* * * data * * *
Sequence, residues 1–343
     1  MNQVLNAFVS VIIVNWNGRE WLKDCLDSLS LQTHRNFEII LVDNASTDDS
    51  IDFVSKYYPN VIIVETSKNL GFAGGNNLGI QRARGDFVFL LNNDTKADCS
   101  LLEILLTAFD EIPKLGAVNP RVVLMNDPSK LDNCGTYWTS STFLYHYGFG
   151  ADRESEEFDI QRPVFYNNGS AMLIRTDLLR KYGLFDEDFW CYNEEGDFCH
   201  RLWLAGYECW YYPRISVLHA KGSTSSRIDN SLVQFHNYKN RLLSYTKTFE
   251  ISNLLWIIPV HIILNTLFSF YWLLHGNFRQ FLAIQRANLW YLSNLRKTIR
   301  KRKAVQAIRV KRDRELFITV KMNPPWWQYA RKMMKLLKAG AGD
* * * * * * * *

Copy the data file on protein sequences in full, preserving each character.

Sequence, residues 1–343
     1  MNQVLNAFVS VIIVNWNGRE WLKDCLDSLS LQTHRNFEII LVDNASTDDS
    51  IDFVSKYYPN VIIVETSKNL GFAGGNNLGI QRARGDFVFL LNNDTKADCS
   101  LLEILLTAFD EIPKLGAVNP RVVLMNDPSK LDNCGTYWTS STFLYHYGFG
   151  ADRESEEFDI QRPVFYNNGS AMLIRTDLLR KYGLFDEDFW CYNEEGDFCH
   201  RLWLAGYECW YYPRISVLHA KGSTSSRIDN SLVQFHNYKN RLLSYTKTFE
   251  ISNLLWIIPV HIILNTLFSF YWLLHGNFRQ FLAIQRANLW YLSNLRKTIR
   301  KRKAVQAIRV KRDRELFITV KMNPPWWQYA RKMMKLLKAG AGD